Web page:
That initial celebrity buzz led to partnerships with Gap and Nordstrom, which are Bella Tunno's two biggest retail accounts today. But even with consistent revenue growth of 140 percent each year and sales over $1 million, Tunno Buelow has always identified as a home-based business owner. Her desk is set up in one corner of her children's playroom, where she conducts business with toys strewn about. "Most of the time, it goes really well, working from home," she says. "I only work with and hire people that believe in our philosophy, and a lot of times I'm working at 11 p.m. because I chose to take my kids to the park that day." Tunno Buelow, who was one of Ernst and Young's 2009 Winning Women honorees for most promising business, represents a growing contingent of proud home-based business owners, who are proving that running a substantial business can be done from virtually anywhere -- and in many cases, offers a better lifestyle.
According to the Network Solutions study, home-based business owners are also generating significant revenue. Thirty-five percent bring in more than $125,000, and 8 percent are making more than $500,000, the report found.
Increasingly home-based businesses are being looked at as a competitive force, and some, like Anchorage, Alaska-based LeadDog Consulting, even have a niche market captured. In the cartography industry, there are only a handful of companies that are responsible for producing the majority of the digital maps in use around the world, and one of them is LeadDog, founded in 2000 by Jim Anderson. The company's operations are extensive, having digitally mapped much of Iraq and Afghanistan for the U.S. military, but what's surprising and different about LeadDog is that those maps are created right from Anderson's home. Using specialized software, an Internet connection, and data from satellites, Anderson says he is able to map the tiniest details on streets that are thousands of miles away from him home base. Like many entrepreneurs, he acquired most of his skills working for another major mapping company for seven years before venturing out on his own.
"One of the things I realized early on when I started LeadDog, at the height of the Internet boom, was that everyone was doing business through e-mail and it didn't really matter where you were," says Anderson, who grew up in New Hampshire but fell in love with the idea of living in Alaska after visiting a friend there. "I didn't have to have a brick-and-mortar site or a commercial presence somewhere to establish my business. Especially being in a niche market, as long as I could take a phone call with someone in Turkey, it didn't matter where I was." Anderson, who has four employees, says being located in Anchorage, which is considered a somewhat central location to the rest of the world, is actually advantageous because the time zone allows him to conduct business at pretty normal hours.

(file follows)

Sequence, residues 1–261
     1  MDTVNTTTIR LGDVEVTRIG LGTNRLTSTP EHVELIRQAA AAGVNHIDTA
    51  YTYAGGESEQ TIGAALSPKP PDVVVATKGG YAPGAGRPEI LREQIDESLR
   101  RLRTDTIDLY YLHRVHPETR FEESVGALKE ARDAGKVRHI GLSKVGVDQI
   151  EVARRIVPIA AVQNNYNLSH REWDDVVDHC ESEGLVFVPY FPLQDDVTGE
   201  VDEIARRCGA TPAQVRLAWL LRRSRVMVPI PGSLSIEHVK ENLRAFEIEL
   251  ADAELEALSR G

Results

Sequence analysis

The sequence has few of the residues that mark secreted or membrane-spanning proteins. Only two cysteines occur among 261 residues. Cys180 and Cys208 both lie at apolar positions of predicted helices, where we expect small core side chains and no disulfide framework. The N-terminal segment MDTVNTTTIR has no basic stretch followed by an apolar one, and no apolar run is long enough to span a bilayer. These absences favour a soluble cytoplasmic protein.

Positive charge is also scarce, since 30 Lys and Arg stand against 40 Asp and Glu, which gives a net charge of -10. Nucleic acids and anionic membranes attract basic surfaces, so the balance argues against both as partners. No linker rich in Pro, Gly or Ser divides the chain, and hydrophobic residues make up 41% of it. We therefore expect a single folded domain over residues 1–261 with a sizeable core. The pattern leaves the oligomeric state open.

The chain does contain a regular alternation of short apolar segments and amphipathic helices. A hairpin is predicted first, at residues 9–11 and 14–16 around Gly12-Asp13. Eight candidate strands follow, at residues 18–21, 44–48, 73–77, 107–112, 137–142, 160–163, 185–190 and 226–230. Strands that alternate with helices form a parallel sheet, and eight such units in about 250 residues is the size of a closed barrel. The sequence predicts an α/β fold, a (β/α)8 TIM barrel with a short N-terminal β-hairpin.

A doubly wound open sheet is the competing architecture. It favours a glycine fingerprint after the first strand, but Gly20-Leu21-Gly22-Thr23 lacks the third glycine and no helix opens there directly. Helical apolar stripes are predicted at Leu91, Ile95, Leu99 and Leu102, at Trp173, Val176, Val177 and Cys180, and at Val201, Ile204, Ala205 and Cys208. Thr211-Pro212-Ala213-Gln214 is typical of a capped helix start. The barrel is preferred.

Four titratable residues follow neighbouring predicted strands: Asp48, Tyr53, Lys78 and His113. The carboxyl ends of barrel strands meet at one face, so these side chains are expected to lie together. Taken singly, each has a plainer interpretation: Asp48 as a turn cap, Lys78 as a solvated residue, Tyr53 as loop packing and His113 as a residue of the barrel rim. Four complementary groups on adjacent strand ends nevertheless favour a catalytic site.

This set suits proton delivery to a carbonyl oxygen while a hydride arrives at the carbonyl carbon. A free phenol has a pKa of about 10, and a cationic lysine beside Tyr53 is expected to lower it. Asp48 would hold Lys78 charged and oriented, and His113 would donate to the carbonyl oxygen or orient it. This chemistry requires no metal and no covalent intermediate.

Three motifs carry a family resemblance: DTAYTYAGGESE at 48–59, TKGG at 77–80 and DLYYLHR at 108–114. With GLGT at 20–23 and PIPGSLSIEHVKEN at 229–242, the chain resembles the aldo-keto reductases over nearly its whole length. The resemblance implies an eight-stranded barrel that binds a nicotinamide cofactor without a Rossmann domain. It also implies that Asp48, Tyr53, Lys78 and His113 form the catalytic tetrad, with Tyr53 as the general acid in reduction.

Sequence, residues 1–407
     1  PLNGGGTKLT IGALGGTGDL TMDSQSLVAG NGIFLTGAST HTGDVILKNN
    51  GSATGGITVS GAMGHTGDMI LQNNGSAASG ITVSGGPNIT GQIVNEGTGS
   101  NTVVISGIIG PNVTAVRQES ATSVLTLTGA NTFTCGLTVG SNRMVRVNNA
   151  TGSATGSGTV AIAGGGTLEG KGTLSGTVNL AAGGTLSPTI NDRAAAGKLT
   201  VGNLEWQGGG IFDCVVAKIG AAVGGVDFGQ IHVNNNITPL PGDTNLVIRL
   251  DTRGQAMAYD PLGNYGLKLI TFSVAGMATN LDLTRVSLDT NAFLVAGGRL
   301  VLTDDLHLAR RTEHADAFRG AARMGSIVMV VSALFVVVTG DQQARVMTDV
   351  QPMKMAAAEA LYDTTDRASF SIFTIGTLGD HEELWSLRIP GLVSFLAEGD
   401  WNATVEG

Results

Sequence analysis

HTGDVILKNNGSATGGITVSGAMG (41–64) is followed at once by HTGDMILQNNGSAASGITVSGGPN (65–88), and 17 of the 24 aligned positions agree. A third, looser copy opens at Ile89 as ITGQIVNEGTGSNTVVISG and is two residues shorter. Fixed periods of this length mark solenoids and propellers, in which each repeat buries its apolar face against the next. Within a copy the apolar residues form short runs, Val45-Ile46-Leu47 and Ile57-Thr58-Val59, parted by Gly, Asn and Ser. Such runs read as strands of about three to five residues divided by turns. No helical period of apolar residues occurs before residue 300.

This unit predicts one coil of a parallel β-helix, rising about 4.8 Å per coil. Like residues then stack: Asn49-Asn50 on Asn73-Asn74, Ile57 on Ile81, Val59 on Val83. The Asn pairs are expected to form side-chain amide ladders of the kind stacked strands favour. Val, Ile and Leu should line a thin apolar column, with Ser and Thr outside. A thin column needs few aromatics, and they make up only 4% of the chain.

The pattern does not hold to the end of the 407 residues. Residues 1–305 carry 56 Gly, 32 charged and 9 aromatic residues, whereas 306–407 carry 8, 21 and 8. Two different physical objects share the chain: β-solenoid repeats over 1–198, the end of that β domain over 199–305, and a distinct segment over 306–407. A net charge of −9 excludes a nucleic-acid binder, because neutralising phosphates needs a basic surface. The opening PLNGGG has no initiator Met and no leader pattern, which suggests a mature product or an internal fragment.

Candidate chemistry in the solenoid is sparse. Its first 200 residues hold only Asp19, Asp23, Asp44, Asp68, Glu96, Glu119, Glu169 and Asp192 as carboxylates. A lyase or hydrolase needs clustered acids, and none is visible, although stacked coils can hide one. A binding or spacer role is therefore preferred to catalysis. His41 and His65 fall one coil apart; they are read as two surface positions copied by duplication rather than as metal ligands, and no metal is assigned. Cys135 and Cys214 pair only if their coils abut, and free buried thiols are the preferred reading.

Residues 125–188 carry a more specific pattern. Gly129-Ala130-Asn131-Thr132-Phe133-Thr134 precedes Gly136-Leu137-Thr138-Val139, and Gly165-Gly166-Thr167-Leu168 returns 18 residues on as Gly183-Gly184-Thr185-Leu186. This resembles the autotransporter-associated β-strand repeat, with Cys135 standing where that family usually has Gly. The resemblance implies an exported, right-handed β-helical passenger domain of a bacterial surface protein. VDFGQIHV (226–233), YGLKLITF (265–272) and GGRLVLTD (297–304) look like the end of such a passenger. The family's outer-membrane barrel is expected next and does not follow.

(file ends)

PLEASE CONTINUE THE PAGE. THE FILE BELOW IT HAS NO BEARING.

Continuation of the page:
LeadDog has produced maps for more than 100 countries and focuses primarily on mapping developing countries where infrastructure knowledge is often lacking. In addition to the U.S. government and military, LeadDog works extensively with GPS tracking companies as well as other private companies on projects like location scouting.
Being home-based has never been an issue for clients that LeadDog works with, Anderson says, and much like millions of his counterparts, this kind of flexible work style -- in which the line between home and office is quickly diminishing -- helps keep him a more productive business owner. Not to mention a happier one. After all, not many can say they take walks in a nearby state park at lunchtime, or watch schools of salmon swim by in a stream near their offices. "It's not your typical company break," Anderson says, "but it works for us."